Causes of cervical cancer

Almost all cases of cervical cancer (99.7%) are caused by infections with certain types of human papillomavirus (HPV). HPV is a very common infection that four out of five sexually active adults will come into contact with in their lives. It is contracted through any skin-to-skin contact, including genital-to-genital contact, anal, vaginal and oral sex.

There are over 100 different types of HPV, each of which is given a specific number [1]. Around 13 types of HPV have been linked to cervical cancer; these are known as ‘high-risk’ types of HPV. Of the high-risk types, HPV 16 and 18 are responsible for causing over 70% of cervical cancers in the UK [2].

Most women will clear high-risk HPV infections themselves without it causing any harm. However, in a small number of women it can remain 'dormant' (inactive) or persistent, sometimes for many years. In these cases high-risk HPV can cause cervical abnormalities (changes to the cells of the cervix) to develop, which, if left untreated, can develop into cervical cancer over time.

There are usually no symptoms associated with high-risk HPV infections, which means it is very important to attend your regular cervical screening (smear test) when you are invited, so that any abnormalities in the cells of the cervix can be detected and treated before they get a chance to develop into cervical cancer.

Please visit our information pages to find out more about HPV and its link to cervical cancer.

If you want to help raise awareness of HPV, its link to cervical cancer and how women can help to protect themselves, please share this video!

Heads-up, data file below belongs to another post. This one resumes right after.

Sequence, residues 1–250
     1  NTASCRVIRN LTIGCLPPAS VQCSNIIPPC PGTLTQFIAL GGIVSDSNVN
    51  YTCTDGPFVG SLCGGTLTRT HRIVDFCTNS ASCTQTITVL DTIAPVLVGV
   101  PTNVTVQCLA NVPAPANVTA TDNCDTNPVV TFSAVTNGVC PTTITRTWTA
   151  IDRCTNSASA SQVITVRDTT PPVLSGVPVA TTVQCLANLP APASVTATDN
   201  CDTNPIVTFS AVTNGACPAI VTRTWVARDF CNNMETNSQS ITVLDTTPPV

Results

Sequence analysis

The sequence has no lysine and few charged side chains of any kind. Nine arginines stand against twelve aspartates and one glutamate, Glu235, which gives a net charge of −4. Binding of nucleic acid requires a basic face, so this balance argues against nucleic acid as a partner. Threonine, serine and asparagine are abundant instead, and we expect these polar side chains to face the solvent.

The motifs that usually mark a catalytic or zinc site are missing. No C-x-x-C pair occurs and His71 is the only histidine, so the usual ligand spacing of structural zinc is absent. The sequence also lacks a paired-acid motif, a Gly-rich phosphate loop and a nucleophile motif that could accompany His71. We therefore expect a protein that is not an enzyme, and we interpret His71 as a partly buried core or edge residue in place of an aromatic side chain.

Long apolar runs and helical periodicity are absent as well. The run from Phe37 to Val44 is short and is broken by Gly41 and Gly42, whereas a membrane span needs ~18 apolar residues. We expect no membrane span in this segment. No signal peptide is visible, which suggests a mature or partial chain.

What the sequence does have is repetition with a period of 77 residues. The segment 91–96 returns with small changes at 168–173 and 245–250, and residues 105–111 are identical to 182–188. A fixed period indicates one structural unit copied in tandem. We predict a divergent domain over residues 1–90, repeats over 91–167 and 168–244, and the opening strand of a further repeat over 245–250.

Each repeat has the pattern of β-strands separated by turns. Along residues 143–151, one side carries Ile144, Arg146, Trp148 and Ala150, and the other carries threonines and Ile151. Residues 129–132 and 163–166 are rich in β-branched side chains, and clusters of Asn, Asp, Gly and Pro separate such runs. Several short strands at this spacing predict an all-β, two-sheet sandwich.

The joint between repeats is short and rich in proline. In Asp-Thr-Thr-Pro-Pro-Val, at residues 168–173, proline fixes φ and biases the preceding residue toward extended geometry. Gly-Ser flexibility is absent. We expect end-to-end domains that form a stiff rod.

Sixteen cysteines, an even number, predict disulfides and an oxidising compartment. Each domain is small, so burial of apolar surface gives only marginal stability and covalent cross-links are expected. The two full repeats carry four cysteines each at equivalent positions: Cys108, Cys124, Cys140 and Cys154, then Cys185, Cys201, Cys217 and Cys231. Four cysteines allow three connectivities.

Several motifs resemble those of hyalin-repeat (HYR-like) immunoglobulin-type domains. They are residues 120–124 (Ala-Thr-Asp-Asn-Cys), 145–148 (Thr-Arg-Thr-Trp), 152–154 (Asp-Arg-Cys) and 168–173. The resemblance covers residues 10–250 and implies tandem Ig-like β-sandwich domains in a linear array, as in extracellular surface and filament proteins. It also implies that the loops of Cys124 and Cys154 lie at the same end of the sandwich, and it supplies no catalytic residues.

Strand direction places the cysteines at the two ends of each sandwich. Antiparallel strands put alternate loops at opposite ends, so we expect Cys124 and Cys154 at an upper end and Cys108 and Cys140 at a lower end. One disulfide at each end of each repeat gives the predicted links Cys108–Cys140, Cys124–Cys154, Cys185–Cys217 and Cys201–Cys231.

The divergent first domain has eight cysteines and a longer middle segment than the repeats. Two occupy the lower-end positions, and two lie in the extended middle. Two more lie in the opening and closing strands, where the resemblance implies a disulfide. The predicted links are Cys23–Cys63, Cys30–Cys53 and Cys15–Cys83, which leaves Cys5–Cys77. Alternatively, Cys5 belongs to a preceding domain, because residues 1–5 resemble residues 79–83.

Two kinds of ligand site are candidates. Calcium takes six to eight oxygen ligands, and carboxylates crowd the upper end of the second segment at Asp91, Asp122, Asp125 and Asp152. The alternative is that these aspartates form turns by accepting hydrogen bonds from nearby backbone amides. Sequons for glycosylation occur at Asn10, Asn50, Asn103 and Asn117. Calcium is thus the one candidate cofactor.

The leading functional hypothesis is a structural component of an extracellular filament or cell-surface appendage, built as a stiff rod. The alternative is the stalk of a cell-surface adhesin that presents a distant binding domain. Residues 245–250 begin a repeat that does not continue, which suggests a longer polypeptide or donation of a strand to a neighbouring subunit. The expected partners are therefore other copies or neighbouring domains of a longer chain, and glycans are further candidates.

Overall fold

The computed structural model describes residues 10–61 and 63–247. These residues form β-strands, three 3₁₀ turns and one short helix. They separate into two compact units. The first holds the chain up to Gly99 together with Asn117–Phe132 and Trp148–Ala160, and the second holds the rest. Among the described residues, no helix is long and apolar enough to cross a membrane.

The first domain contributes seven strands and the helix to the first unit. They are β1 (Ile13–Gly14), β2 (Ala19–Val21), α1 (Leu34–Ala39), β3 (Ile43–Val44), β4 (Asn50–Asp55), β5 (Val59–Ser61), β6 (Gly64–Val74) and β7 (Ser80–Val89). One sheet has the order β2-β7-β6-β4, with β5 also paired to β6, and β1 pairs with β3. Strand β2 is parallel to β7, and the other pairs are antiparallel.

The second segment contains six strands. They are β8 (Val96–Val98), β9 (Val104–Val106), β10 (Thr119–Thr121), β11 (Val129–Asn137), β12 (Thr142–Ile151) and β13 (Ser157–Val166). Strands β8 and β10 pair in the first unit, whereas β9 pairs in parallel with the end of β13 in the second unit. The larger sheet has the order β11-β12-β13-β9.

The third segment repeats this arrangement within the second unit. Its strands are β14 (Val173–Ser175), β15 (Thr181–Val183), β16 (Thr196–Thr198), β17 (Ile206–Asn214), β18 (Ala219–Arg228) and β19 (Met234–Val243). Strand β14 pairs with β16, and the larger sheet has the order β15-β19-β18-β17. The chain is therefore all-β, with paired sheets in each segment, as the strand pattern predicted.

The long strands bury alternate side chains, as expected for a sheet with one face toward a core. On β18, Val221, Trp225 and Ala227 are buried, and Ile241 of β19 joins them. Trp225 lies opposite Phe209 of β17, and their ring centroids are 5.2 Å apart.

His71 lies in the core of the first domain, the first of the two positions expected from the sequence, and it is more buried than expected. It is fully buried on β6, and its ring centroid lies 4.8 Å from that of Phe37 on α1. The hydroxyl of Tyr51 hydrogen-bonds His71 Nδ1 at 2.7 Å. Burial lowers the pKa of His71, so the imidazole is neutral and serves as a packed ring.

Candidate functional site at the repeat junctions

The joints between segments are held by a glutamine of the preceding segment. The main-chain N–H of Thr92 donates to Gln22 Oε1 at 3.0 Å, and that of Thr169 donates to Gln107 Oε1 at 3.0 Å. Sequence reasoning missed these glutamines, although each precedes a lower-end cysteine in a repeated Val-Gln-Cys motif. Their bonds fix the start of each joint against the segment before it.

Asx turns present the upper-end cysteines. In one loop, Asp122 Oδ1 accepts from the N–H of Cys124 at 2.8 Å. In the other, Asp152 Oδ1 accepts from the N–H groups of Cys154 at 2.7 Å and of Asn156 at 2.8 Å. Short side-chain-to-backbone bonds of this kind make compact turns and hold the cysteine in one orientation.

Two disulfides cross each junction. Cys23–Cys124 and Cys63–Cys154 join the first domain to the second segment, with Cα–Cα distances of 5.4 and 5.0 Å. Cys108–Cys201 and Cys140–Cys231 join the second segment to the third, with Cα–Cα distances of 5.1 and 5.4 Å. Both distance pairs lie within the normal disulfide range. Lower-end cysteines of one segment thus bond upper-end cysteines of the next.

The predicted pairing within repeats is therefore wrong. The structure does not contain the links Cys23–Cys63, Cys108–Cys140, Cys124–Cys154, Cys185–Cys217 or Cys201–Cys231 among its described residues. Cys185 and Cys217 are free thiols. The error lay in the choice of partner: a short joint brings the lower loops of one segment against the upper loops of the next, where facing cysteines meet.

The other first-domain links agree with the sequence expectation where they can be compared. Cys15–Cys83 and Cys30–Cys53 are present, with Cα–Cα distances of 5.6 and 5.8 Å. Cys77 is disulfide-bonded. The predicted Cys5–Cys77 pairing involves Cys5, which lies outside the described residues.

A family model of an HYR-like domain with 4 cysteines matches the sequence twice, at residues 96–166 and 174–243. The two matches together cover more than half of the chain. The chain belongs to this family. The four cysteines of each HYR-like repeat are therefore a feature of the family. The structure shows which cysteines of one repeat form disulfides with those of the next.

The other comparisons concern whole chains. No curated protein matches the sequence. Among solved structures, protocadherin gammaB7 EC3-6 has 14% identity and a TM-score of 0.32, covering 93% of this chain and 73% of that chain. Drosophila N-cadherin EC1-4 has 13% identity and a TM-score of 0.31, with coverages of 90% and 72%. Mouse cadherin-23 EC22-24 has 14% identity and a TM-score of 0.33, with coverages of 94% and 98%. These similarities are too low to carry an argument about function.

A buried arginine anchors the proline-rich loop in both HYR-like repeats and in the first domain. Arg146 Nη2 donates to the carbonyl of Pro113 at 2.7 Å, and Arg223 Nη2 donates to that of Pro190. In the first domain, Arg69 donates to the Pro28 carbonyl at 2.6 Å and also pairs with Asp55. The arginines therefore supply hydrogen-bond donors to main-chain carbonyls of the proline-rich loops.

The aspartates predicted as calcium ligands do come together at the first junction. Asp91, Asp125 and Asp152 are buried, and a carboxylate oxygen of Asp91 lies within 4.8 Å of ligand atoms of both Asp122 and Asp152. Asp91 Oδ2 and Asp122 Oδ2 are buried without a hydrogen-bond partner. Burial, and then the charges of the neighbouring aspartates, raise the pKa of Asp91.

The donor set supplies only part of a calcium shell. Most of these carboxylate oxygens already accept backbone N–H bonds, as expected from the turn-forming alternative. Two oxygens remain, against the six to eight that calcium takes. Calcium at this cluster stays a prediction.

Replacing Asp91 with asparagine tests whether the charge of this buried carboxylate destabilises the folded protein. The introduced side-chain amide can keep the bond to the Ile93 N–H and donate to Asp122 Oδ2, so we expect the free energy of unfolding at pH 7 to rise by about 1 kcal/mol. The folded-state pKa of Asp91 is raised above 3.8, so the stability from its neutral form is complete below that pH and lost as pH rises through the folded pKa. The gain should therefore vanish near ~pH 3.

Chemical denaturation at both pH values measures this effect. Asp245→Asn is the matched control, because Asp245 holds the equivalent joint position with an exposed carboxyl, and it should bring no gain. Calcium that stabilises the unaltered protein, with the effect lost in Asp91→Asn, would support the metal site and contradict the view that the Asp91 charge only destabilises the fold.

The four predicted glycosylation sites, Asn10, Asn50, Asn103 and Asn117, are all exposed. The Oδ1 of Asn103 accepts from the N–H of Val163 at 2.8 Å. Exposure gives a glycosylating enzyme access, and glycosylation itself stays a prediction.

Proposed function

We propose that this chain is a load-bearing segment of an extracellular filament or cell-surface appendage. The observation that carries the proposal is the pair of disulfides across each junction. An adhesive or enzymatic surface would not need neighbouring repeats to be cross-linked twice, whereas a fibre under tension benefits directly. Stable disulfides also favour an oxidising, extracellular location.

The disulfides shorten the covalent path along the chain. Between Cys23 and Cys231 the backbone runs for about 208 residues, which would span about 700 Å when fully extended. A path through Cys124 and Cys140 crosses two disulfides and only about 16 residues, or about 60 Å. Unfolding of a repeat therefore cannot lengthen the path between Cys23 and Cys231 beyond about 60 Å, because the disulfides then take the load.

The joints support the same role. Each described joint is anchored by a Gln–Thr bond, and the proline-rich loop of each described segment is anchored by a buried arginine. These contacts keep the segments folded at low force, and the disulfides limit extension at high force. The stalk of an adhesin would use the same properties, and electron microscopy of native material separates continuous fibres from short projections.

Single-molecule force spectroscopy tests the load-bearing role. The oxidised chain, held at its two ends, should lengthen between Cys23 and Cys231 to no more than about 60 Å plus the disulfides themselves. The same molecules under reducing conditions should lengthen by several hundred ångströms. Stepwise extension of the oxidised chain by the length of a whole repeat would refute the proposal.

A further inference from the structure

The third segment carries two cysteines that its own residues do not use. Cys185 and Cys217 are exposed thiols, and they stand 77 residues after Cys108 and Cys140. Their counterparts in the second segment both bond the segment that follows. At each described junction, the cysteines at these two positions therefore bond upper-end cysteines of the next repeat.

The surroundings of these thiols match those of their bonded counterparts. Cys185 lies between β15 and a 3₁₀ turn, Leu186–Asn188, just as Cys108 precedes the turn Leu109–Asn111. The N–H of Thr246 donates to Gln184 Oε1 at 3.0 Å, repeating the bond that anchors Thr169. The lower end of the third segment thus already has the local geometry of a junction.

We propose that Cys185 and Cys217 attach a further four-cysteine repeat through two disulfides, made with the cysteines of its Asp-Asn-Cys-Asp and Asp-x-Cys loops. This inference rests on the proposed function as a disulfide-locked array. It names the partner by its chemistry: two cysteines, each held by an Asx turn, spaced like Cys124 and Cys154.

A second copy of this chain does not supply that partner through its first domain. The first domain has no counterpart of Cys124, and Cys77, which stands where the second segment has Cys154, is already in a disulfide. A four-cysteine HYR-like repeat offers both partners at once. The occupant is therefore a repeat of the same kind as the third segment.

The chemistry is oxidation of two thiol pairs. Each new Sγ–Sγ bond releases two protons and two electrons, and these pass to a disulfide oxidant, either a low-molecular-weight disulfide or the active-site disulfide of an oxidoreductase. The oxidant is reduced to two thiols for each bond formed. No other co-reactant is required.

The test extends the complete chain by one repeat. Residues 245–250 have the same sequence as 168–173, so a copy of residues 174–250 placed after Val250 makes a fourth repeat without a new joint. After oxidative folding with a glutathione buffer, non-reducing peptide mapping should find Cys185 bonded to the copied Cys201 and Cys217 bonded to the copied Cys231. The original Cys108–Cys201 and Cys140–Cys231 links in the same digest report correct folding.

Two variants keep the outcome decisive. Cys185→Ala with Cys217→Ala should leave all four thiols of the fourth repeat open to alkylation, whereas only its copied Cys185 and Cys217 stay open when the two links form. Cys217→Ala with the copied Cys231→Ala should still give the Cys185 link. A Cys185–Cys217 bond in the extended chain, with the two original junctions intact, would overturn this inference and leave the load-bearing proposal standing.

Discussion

References

  1. Li N et al., 2011. Human papillomavirus type distribution in 30,848 invasive cervical cancers worldwide: variation by geographical region, histological type and year of publication. International Journal of Cancer 128, 927–935.
  2. Bosch FX et al., 2008. Epidemiology and natural history of human papillomavirus infections and type-specific implications in cervical neoplasia. Vaccine 26 (Suppl. 10), K1–K16.
Date last updated: 
27 Apr 2017
Date due for review: 
22 Jul 2019

Have a question? Need to talk?

Our helpline is currently closed, find out when it’s next open.

Or submit your question via our Ask the Expert online service

Rate the information on this page

When you click on an answer below, your vote will be submitted automatically. We do also ask that you please submit a comment and click ‘send feedback’ to provide comment about our information.

Do you feel more informed after reading this information?
I found all the information I needed on this page (1 = Strongly disagree > 5 = Strongly agree)
Rate this page
You voted: . Total votes: 183. Average rating: 2.96